OPINION: Ideological purity unattainable in American politics

“Don’t vote for someone because of what they’ve said in the past. Because what they said then and what they are saying now are both concessions to public opinion that have been processed through countless speech writers and public relations professionals,” writes Opinion Editor Jeremiah Taylor.


Social media is a conflagration of pro-candidate odes and anti-candidate diatribes.

“Bernie Bros” and “Warren Surrogates” bathe in the virtual blood of their online enemies as the media establishment weighs the platforms and perceived electability of the candidates in the democratic primary.

Perhaps more than ever, a talking point largely unique to the left, one that haunts Warren and bolsters Sanders, is largely prevalent amidst the cacophony of discourse –– the track record, or as I call it, ideological purity.

Voters want to know that their progressive candidate was always progressive, or that their democratic candidate was always a democrat. Sanders supporters make much of Warren’s former conservative affiliation, while almost all Democrats observe that Sanders has only ran as a Democrat in presidential elections.

Virtually everyone can agree that Bloomberg’s campaign was a transparently illegitimate cash grab as evidenced by the dog pile at the second to last democratic debate.

But in an America of “fake news,” super delegates, and super PACS, what should we expect from our candidates and their sometimes murky pasts?

Stringent standards of ideological purity belie a naive confidence in American electoral politics. No politician has failed to at the very least evolve platforms, distance themselves from issues, or make political choices to preserve their office. If anything it speaks well of a candidate that they adapt to public opinion as forward looking adaptability is at the heart of progressivism. The general public, for now, still has the power to push candidates and parties into our desired direction via discourse, public opinion, and of course, the ballot box.

Worry not about what a candidate said 20 years ago, but rather about what they are saying now. What they are saying now reveals where they are aligning themselves in the present, and from a more cynical point of view, what platform they’re willing to bet their presidential bid on, and are subsequently more likely to honor as opposed to a now unpopular platform that won them a lesser office in the distant past.

Electoral politics as they have existed require opaque branding, ethically pragmatic (to put it politely) fundraising and calculated public relations. All electoral politics rely on manipulation of public opinion, meaning we cannot entirely trust any candidate. Expecting anything different reveals an uncritical perception of your preferred candidate’s brand as authentic, unchanging, and objective when in reality it is contrived, temporary, and subjectively experienced. If you want buy in fully to a candidate or platform, worry less about individual candidates and more about campaign finance reform and the abolition of the electoral college. Yet we still have the power, we are shooting the bullets of public opinion at the feet of dancing candidates. If we are discerning, careful, media literate and diligent in our research, we just might come out of this with a good President.

I am not advocating that voters accept at face value a candidate’s positioning with no regard for their track record. Nor am I saying that voters should disregard the very real consequences of said track records. My first time voting was in the 2016 presidential election. I knew about Hillary Clinton’s track record. I knew it didn’t jive with her platform. I knew that her “super predator” rhetoric, her foreign policy as Secretary of State, and her husband’s criminal justice policy as president had catastrophically affected lives in the United States and across the globe, most of them black and brown. Needless to say I wasn’t fooled by the Beyoncé endorsement or the Broad City cameo. So I caucused for Sanders.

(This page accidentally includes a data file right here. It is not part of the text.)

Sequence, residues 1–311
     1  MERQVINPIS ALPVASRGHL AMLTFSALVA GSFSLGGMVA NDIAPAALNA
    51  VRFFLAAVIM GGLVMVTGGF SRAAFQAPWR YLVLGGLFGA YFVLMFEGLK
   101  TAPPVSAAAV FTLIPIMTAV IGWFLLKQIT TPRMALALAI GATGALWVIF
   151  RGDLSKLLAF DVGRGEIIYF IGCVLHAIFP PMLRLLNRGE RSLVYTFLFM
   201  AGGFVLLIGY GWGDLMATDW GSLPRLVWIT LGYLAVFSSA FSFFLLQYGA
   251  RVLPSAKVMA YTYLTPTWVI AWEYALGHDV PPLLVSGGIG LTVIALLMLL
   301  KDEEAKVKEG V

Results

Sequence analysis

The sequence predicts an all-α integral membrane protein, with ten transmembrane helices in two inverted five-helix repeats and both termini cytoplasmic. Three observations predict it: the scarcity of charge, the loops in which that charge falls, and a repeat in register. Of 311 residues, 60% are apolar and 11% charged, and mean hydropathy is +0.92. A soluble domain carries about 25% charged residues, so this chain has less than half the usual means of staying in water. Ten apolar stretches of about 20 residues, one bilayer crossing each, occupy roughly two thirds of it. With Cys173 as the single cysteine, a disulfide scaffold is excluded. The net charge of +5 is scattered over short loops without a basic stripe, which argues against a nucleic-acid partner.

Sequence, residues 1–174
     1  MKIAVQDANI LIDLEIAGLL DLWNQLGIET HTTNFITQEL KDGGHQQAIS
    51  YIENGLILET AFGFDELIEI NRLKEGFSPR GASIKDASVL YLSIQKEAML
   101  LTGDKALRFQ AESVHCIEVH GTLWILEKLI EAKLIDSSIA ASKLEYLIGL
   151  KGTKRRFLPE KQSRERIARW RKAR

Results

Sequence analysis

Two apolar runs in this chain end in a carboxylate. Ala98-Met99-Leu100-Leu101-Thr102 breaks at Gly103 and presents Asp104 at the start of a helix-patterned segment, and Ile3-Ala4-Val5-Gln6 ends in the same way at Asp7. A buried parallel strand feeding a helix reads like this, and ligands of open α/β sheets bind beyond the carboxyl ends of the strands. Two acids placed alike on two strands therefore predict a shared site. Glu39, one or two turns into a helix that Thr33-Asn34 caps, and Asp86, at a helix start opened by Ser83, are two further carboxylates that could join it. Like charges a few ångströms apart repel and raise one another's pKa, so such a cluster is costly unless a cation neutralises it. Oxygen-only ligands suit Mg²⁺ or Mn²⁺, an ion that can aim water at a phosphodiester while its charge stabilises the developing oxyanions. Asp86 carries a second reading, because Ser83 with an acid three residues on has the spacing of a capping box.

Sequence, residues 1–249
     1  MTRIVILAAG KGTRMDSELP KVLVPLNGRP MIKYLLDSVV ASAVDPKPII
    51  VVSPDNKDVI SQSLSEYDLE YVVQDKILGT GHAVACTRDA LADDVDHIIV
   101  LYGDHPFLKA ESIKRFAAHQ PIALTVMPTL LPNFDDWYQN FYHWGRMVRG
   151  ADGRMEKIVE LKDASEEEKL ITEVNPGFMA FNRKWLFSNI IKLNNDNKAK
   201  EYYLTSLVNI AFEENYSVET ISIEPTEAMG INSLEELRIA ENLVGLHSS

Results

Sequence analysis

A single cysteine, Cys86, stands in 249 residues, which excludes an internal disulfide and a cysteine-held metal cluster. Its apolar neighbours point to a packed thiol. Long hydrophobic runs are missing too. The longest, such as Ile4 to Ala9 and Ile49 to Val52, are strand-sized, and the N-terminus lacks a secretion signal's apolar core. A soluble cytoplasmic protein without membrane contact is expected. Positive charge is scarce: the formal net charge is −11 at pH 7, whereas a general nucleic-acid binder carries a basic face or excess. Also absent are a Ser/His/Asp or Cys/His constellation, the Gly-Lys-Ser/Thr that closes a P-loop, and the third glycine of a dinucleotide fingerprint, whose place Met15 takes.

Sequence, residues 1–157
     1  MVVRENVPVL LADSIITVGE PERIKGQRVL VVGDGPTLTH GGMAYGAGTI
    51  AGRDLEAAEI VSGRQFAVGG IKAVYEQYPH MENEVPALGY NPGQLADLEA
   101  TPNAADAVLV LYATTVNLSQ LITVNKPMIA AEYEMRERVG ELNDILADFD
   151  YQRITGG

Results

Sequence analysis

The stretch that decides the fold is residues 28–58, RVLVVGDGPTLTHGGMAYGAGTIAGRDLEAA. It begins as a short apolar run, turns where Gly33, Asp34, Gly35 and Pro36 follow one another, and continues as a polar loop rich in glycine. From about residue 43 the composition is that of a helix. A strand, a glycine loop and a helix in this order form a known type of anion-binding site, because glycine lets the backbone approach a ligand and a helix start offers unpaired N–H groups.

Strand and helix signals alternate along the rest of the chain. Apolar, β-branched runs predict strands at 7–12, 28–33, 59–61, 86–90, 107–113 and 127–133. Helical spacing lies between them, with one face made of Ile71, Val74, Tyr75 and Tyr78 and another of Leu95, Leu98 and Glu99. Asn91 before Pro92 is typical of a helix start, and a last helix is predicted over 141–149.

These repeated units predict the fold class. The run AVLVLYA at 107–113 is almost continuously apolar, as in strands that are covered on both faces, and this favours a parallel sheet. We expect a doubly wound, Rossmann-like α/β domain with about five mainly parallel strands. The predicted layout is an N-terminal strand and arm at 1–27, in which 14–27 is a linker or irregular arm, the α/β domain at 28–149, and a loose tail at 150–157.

But Sanders didn’t win the nomination. In the general election I had to make a choice –– vote for Clinton or abstain from voting as many of my fellow leftist had chosen to do. I didn’t vote for Hillary because I believed in her or her platform. I didn’t vote for Hillary because I wanted her to be president. I didn’t vote for Hillary because I thought that she was intrinsically any different than Trump.  I voted for Hillary because she had campaigned on a platform that I knew public opinion would hold her to, a platform that could have carried the country forward and slightly to the left, as opposed as backwards and into the clutches of proto-fascism. I made a pragmatic choice, a choice motivated by survival, perhaps a utilitarian choice that I was only able to make because of my privilege. But it was the choice I made.

In 2020, I really think we have a shot at making a much easier choice.

Not because of the candidates themselves but because public opinion has veered drastically to the left since 2016 in response to the Trump administration.

We have some candidates who despite their pasts, are positing talking points and policies about wealth inequality, capitalism, health care, and foreign policy that were unimaginable just four years ago.

Don’t vote for someone because of what they’ve said in the past. Because what they said then and what they are saying now are both concessions to public opinion that have been processed through countless speech writers and public relations professionals.  Pick the candidate who is positioning themselves closest to the segment of public opinion that you subscribe to. And if they win, hold them accountable to that platform.